Yeah, there's going to be no way around this to talk when we talk about the lyrics: while Dan Bejar has shied away from saying this album is explicitly political, it's hard not to read a lot of these tracks - especially 'La Regle due Jeu', which borrows its title from a French movie about a party days before World War II - as a response tonally or observation to the political climes south of the border, where we as Canadians are seeing the ever-unfolding slow-motion disaster and yet are unable to impact change or consequence. But Bejar is not one to immediately date his work with those sorts of references, and he's aiming for a remarkably focused higher concept here: exploring the emotional aftermath after such an event like what happened last year, with a particular focus on those artists who find their words ringing hollow. And as such, Destroyer blows right past the disconnected platitudes of Katy Perry or even what The National did on Sleep Well Beast, where it was clear much of the trauma was still too near, with enough distance to truly take in the broader scope. It's one reason why I made a comparison to Nick Cave and The Bad Seeds' epic 2013 track 'Higgs Boson Blues', where a world is confronted with an advance and change in knowledge that they can't possibly understand and Cave is a witness to the trauma playing out around him in a strange new world.

And this is, incidentally, is one of the reasons why I find a lot of people have completely missed the mark on interpretations of this record, calling it scattershot or drawing comparisons to David Lynch when in reality the marks of this trauma are all the more plain when placed in that context. The artists hoping to spark a worldwide change - love the imagery of a 'death star in bloom', so many great layers to that - find themselves fading off the stage into the rhythm of the night on 'In The Morning', and that metaphor of harsh truth presented by the sun continues forward on 'Cover From The Sun', and then you have the moments where said figures must find some vestige of routine again. After all, the world isn't going to stop turning, the boulevard of sinners is already filling up to watch you stride down the catwalk and strike an empty pose - another great metaphor as the artist is never completely representative of truth, but there is a fragment even when your heart's not in it anymore. It's also why I think any comparisons to noir also miss the mark - this is not a record aiming for the slinky or sexy side of goth, but the bleak numb reality of time's passage, where one disappears into another's bed as a way to escape the yawning emptiness, 'doing what Romans do', likely in the moments of empire before a coming fall, or beneath a Caligula archetype undeserving of the purple. And the artists realize that they can't pay the price to save others or disrupt... all they have is money, and they remain cogs in the larger system... but even cogs can disrupt the machine.

Now if all of this feels a tad too detached, potentially lacking in empathy for those who will not have the power to respond and have already suffered... well, Destroyer has already covered that. 'Tinseltown Swimming In Blood' might seem to fit in the same vein as 'In The Morning' in castigating plastic entertainment buckling under real trauma, but he also describes his dream in this verse: 'I had no feeling, I had no past / I was the Arctic, I was the vast / Spaces without reprieve'. A very Canadian metaphor, but an apt one: the disconnected creator writing poetry in the corner may contain multitudes... but nothing lives there. And you can see him trying to extend some form of empathy on 'Saw You At The Hospital', staring into the glassy eyes of trauma that might seem rambling or deranged... but while to him it's just a scene, to them it's all too real. That's what also makes 'Ivory Coast' cut so deeply, taking the perspective of the old mercenary from the outside, the perpetually detached feeling that resonated so deeply in Whiteout Conditions, and shows the quiet damnation to that one always on the outside - great things might come to those who wait forever and never engage, but it's also greatness that'll never be achieved. So you have to wonder if 'Stay Lost' is a message not just for the audience but also himself - coming to acceptance with the discomfort and feeling of abandoned loneliness... because on some level it's all an illusion. Your name is already in the book of the dead, so why not stay on the streets for that living? A moment of consolation before he looks south again and sees those who are 'wasted and slightly blinded', with men described as vulgar pigs... but not so blind as to not see. And as the cyclical nature emphasized throughout this record implies, eventually visions will become clear.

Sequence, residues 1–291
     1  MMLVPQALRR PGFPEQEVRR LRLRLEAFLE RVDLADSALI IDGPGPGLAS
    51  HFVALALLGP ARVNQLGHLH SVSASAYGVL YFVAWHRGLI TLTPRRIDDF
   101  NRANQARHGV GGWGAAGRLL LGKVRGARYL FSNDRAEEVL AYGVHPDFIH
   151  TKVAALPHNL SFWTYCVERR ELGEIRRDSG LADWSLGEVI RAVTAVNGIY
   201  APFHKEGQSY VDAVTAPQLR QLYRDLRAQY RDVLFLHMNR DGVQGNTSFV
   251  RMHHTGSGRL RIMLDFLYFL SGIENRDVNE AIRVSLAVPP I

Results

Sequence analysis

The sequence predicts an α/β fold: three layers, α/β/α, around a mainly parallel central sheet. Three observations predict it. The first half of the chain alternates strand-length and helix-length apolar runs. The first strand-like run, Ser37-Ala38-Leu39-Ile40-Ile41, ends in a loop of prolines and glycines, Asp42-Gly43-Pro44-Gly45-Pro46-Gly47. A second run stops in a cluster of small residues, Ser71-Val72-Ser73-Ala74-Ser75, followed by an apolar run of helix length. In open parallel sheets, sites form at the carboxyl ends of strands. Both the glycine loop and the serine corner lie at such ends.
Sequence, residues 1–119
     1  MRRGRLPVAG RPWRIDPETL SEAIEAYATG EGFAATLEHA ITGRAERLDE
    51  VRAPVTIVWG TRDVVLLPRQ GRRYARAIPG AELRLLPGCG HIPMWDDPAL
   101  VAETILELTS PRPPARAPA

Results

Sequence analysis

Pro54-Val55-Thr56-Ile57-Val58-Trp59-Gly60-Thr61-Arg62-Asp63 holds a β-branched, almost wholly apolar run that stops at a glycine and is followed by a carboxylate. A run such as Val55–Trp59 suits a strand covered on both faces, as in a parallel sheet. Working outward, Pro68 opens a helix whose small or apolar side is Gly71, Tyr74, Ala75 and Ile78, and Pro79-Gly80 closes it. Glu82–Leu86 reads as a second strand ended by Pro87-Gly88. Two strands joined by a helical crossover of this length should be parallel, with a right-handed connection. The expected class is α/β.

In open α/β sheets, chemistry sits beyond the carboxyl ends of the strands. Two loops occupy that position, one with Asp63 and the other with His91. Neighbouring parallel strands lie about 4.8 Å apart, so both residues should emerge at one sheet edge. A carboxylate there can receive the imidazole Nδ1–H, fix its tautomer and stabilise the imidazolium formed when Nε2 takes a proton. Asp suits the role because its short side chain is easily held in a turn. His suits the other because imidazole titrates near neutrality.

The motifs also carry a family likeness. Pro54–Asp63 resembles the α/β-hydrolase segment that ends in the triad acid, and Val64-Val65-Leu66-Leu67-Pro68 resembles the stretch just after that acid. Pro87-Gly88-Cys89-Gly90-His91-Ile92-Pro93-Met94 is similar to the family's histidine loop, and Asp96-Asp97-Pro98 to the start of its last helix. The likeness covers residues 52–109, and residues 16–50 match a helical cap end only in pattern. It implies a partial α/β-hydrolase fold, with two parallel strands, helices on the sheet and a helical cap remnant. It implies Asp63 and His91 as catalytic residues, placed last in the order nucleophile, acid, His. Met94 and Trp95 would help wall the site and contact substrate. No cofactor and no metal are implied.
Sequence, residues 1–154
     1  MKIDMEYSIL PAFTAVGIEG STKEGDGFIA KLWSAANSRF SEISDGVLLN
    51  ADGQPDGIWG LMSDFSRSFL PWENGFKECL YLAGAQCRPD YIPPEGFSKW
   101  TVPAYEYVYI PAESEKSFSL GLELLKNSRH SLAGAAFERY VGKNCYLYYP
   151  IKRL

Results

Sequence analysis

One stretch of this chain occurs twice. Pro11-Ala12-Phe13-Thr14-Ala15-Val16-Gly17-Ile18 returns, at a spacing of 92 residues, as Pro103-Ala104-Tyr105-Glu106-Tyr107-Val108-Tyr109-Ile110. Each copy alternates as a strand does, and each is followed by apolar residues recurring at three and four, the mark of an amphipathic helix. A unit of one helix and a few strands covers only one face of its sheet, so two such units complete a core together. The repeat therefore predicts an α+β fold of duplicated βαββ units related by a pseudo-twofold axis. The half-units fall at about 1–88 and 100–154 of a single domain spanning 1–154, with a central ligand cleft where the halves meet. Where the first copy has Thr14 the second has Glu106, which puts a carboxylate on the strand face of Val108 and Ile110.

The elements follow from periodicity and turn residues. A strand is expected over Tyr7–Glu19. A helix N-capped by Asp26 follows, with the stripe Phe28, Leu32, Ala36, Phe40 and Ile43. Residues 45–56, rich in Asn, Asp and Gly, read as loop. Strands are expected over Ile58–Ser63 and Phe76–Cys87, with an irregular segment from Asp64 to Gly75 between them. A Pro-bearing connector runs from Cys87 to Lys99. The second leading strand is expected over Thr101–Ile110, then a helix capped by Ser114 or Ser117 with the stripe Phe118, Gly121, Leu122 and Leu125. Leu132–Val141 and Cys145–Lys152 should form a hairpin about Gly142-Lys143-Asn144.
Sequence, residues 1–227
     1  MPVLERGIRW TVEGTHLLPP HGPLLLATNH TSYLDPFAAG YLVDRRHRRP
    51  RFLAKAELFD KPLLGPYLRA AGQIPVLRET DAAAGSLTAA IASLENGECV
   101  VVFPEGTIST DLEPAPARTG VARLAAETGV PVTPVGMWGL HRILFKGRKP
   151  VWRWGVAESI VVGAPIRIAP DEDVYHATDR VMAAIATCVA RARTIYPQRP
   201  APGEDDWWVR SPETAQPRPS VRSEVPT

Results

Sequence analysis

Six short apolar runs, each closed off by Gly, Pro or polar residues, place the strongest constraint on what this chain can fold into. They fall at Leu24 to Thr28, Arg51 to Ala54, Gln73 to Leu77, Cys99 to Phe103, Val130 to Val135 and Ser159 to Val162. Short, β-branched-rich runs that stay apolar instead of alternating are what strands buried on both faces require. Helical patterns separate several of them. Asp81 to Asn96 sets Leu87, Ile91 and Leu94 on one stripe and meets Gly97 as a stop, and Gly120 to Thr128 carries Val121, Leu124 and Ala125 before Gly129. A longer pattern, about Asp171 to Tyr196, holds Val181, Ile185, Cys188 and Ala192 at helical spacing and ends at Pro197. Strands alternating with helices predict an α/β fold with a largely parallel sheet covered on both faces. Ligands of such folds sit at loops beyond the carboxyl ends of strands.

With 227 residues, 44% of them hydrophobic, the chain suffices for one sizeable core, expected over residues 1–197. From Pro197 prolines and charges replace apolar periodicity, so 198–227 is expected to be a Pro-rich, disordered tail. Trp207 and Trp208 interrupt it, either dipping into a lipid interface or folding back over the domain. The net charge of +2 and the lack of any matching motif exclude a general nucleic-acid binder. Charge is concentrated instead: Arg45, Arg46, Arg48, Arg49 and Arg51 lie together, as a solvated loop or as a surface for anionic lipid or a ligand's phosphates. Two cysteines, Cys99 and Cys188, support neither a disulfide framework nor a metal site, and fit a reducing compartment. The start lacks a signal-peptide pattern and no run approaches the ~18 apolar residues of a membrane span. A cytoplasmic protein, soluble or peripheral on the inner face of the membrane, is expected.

Folks, as much as I have praised this record - and make no mistake, it's easily one of the best of 2017 - it is a hard one to recommend, because again, it's not a record that designed to console or incite righteous anger or even wallow in abject nihilism. If anything it feels like the shock to the system those artists who have been wallowing in aftermath of 2016 desperately need, that disassembles arrogance, rips away blinders, and yet does it with the sort of quiet empathy that Dan Bejar has subtly mastered in order to continue on. As such, it is not designed to be a comfortable record, but the complicated realistic picture he paints can serve as an answer with the long view in mind. And if you can't tell, this is a 9/10 without question and absolutely a recommendation. Bejar said this album was inspired by an era where music hit him 'like a sickness', with his definition of the word 'ken' coming from both the original title of Suede's 'The Wild Ones' and also being 'to know'. With this record in facing the unknowable... I think Destroyer found answers they - and we - can accept.